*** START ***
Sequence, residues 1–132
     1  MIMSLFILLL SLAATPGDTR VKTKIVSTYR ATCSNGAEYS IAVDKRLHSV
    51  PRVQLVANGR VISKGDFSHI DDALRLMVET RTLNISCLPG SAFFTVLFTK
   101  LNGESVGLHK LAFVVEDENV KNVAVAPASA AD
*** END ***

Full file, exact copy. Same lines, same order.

Sequence, residues 1–132
     1  MIMSLFILLL SLAATPGDTR VKTKIVSTYR ATCSNGAEYS IAVDKRLHSV
    51  PRVQLVANGR VISKGDFSHI DDALRLMVET RTLNISCLPG SAFFTVLFTK
   101  LNGESVGLHK LAFVVEDENV KNVAVAPASA AD